Ethical and Philosophical Considerations of the Dual-Use Dilemma in the Biological Sciences

Seumas Miller, Michael Selgelid

    Research output: Contribution to journalArticlepeer-review

    84 Citations (Scopus)


    The dual-use dilemma arises in the context of research in the biological and other sciences as a consequence of the fact that one and the same piece of scientific research sometimes has the potential to be used for bad as well as good purposes. It is an ethical dilemma since it is about promoting good in the context of the potential for also causing harm, e.g., the promotion of health in the context of providing the wherewithal for the killing of innocents. It is an ethical dilemma for the researcher because of the potential actions of others, e.g., malevolent nonresearchers who might steal dangerous biological agents, or make use of the original researcher's work. And it is a dilemma for governments concerned with the security of their citizens, as well as their health. In this article we construct a taxonomy of types of ''experiments of concern'' in the biological sciences, and thereby map the terrain of ethical risk. We then provide a series of analyses of the ethical problems and considerations at issue in the dual-use dilemma, including the impermissibility of certain kinds of research and possible restrictions on dissemination of research results given the risks to health and security. Finally, we explore the main availableinstitutional responses to some of the specific ethical problems posed by the dualuse dilemma in the biological sciences.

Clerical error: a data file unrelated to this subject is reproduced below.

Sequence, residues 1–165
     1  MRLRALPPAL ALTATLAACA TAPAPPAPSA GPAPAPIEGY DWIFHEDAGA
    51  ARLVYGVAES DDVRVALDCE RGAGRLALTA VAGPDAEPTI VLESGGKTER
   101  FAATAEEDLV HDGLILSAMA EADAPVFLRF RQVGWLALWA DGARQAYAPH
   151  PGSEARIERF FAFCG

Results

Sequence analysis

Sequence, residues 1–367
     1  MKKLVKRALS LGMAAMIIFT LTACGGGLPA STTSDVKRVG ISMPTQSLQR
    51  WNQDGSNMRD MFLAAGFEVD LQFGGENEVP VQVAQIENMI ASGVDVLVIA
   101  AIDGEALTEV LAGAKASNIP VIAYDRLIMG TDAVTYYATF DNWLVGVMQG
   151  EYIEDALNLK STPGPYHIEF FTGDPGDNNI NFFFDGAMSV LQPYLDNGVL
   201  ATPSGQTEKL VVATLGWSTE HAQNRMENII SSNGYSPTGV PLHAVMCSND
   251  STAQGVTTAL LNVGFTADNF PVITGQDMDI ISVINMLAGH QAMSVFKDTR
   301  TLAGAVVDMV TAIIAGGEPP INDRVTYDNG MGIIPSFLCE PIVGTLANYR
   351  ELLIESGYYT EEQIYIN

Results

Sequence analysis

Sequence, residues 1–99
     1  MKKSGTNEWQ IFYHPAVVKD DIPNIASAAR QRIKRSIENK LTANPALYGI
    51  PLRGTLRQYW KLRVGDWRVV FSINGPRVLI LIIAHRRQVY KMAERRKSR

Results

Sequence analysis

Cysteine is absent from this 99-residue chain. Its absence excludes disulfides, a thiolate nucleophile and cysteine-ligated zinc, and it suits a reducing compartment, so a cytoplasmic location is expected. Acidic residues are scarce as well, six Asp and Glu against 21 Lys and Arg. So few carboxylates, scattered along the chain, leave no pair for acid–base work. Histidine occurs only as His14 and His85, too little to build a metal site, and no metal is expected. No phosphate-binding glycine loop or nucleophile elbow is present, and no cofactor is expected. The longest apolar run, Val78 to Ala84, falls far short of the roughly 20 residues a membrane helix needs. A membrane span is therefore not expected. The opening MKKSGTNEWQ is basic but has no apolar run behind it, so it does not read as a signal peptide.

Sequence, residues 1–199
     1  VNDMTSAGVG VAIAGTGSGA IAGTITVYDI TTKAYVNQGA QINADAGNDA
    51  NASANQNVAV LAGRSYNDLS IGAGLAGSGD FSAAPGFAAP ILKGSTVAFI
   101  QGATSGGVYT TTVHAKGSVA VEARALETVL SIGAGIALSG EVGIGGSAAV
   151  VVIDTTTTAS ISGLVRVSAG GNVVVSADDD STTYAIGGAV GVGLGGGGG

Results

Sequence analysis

Original languageEnglish
    Pages (from-to)523-580
    Number of pages58
    JournalScience and Engineering Ethics
    Issue number4
    Publication statusPublished - Dec 2007

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